The Georgia Coalition was formed in the weeks prior to the May 20 primary and provided financial support in several legislative races to candidates running against tea partiers and ultraconservatives.

Two of the coalition’s top primary targets were Rep. Charles Gregory (R-Kennesaw) and Rep. Sam Moore (R-Ball Ground), who are considered to be the most extremist members of the House Republican caucus. Gregory and Moore were both defeated in their primary races.

The Murphy-Williams race is one of several legislative elections on the runoff ballot.

In Senate District 8, which includes the Valdosta area, state Rep. Ellis Black (R-Valdosta) is hoping to replace retiring Sen. Tim Golden. Black finished first in the Republican primary with 48.7 percent of the vote, almost winning the nomination without a runoff.

Black faces John Page of Hahira in the runoff, while Democratic nominee Bikram Mohanty will oppose the winner in the general election.

In Senate District 16, where Sen. Ronnie Chance (R-Tyrone) is stepping down, Chance’s replacement will be decided in the Republican runoff between Marty Harbin, a tea partier, and David Studdard, a lawyer and former police officer.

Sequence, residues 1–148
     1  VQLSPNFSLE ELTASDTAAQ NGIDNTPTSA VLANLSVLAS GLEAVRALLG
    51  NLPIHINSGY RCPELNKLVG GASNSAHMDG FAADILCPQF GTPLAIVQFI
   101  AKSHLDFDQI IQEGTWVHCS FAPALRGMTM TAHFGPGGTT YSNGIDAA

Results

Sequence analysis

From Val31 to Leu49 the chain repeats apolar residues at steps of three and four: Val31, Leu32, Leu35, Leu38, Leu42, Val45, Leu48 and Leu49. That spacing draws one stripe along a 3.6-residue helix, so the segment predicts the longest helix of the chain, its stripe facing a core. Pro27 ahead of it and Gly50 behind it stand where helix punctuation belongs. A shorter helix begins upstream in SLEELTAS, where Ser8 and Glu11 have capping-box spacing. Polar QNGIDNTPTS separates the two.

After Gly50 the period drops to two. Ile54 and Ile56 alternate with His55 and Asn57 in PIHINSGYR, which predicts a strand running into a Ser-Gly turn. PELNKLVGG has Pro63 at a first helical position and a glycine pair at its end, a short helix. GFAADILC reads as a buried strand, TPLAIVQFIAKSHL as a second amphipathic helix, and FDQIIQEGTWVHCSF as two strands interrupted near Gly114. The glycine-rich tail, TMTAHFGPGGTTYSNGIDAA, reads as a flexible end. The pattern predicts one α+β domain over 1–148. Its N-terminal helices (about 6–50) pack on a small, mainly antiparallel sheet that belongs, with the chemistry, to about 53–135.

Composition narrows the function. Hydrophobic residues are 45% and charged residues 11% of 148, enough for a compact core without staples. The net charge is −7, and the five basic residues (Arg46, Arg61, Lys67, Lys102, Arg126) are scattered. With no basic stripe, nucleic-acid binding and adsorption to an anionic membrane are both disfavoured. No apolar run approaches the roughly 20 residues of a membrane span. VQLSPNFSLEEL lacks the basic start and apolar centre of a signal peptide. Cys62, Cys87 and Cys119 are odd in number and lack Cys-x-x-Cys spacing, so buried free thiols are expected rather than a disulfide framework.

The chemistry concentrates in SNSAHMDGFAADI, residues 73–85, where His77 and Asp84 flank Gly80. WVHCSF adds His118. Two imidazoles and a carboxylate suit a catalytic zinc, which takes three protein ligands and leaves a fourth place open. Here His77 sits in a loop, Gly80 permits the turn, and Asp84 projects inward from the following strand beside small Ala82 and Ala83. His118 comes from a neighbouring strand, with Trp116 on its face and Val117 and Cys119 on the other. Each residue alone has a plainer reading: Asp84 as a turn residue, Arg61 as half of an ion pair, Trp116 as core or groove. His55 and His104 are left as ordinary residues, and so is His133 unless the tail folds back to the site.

The Republican nominee to replace Don Balfour will be decided in a Senate District 9 runoff involving former Gwinnett County commissioner Mike Beaudreau and former Lawrenceville city councilman P. K. Martin. The winner will take on Democrat Timothy Swiney in November.

In Senate District 22, where Sen. Hardie Davis (D-Augusta) left to run for mayor of Augusta, the new senator will be decided in the Democratic runoff between Corey Johnson and Harold Jones.

In House runoffs, Rep. John Deffenbaugh (R-Lookout Mountain), a first-term lawmaker, is opposed by former Dade County commissioner Robert Goff in House District 1. Democrat Tom McMahan takes on the winner of that runoff in the general election.

Rep. Sam Moore’s replacement in House District 22 will emerge from the GOP runoff between Wes Cantrell, a minister, and Meagan Biello, a Cherokee County school teacher. No Democrat qualified in this race.

Rep. Carol Fullerton (D-Albany) is being challenged by Dougherty County school board member Darrel Ealum in the Democratic runoff in House District 153. There is no Republican in that race.

In the race to replace outgoing Rep. Doug Holt (R-Social Circle) in House District 112, Dave Belton and Aaron Brooks are going for the nod in the Republican runoff. The winner takes on Democrat Patsy Harris in the general election.

Attorney Beth Beskin came within three votes of winning the Republican primary in Atlanta’s House District 54 without a runoff. She’s now in a runoff against John McCloskey. The general election race will include Democrat Bob Gibeling and independent Bill Bozarth.

© 2014 by The Georgia Report


Tags: Ellis Black , Jack Murphy , Legislative elections , Michael Williams